Ever since seeing the Molson Canadian 2010 Winter Olympic commercial featuring a lone hockey player skating an open frozen lake, with a backdrop of mountains, the camera in pursuit from above as he gained speed chasing a puck, I have fantasized about skating an open lake in the Canadian Rockies, wearing my team’s hockey jersey.

As a Canadian who grew up in Ontario, ice skating on rivers and lakes was familiar. I had spent many winters playing shinny hockey with the boys on Lake Simcoe after school. But living in Vancouver the last 30 years, indoor arenas was as scenic as it got. I skated the Ottawa Canal with a friend one time, which was pretty epic, but the ultimate – skating Lake Louise surrounded by mountains on a clear, cold winter day was still a fantasy. Plus, having taken to playing hockey again in my mid 40s with a bunch of fun-loving women on a team called “The Stanley Cupcakes”, I figured a photo wearing my team jersey would make for a treasured keep sake of the experience, long after retiring my skates.

Lake Louise, located within Banff National Park, is best known for its iconic turquoise blue lake and soaring Victoria Glacier mountain backdrop. While many tourists visit in the summer, the lake in the winter, for those brave enough to bare the cold, is how ice skating in Canada was meant to be: bundled up, in solitude, gliding to the hollow sound of blades stroking the ice beneath your feet, with frosted breath on your hair, hat and scarf, feeling absolutely alive. There can be no better backdrop for the ultimate ice-skating experience, than to frame it with the mountains of Banff National Park, and a frozen lake that goes for miles.

So, when a conference I had been attending in Banff ended midday, and an opportunity to grab a rental car with snow tires came up, I jumped at it, calculating the 55km drive to Lake Louise would allow me a couple hours skating on the lake just before sun set, with time to safely return to the Banff Upper Hot Springs that evening for a soak.

If you are staying within the town of Lake Louise, or driving in from Banff as I was, you need to park in the public parking area and walk a short distance to the front of the hotel. Underground parking at the Chateau is reserved for guests. And be sure that your car has a Banff National Park pass displayed when left in public spaces. Apparently, I got lucky for a couple hours!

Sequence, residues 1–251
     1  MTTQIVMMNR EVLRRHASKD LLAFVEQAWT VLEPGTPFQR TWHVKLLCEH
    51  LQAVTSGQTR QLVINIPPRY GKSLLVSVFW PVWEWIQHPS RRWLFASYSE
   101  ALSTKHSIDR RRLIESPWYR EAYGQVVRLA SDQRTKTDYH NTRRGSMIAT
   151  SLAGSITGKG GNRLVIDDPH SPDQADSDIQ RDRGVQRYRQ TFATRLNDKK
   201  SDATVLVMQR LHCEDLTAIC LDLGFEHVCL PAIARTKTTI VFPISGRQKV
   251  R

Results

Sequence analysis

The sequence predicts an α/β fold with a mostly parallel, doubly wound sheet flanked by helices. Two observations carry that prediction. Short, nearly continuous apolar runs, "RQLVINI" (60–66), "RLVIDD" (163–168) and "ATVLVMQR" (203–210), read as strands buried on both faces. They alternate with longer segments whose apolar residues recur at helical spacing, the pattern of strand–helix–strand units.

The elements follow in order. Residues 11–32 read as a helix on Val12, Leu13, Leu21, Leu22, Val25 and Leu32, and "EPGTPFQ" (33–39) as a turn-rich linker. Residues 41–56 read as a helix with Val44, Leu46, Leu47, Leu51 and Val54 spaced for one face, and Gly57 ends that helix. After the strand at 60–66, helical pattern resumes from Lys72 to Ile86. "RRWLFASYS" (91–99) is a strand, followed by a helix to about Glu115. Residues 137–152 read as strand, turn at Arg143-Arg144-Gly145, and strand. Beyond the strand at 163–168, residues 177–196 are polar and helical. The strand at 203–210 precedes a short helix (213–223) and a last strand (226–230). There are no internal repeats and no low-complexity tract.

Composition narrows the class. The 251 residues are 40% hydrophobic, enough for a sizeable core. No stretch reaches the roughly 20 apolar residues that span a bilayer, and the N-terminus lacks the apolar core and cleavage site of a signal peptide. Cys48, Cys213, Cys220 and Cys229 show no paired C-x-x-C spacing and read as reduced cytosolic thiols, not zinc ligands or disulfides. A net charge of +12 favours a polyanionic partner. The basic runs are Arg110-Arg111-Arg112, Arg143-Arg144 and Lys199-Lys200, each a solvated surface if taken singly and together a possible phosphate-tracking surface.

There’s nothing quite like the comfort of your own skates, and I was truly missing my Graf’s that day, but rentals were available at the Fairmont Chateau Hotel, and Chateau Mountain Sports, located just off the lobby. Cost for a two-hour skate rental was $13 for adults and a full-day was $16. If it’s really cold, two hours would be more than enough. Rental hours were 8am – noon, and 3-7pm. Skating on the lake is free.

Fairmont Chateau Hotel staff begin measuring ice thickness at the end of November. Once it is safe, usually the first week of December, they clear large areas of snow for the rinks. Ice is maintained nightly by flooding with a tractor and sprinkler in tow – Zamboni style, to maintain smoothness throughout the season. It’s rare that the lake can be naturally skated on without snow clearing, but prolonged deep freezes early season without a heavy snowfall have happened, offering the ultimate endless rink. Skating is weather dependent, usually wrapping up at the end of March or early April when the lake begins to thaw.

Flood lights illuminate the rink until 11pm each night, so daytime or evening skating is possible. If you happened to hit it on a full moon, and a clear night, the bright moonlight on snow would be stunning. Days are short this far north, with sunset at 4:35pm late December, but by mid-February, when I visited, there was daylight until 6pm.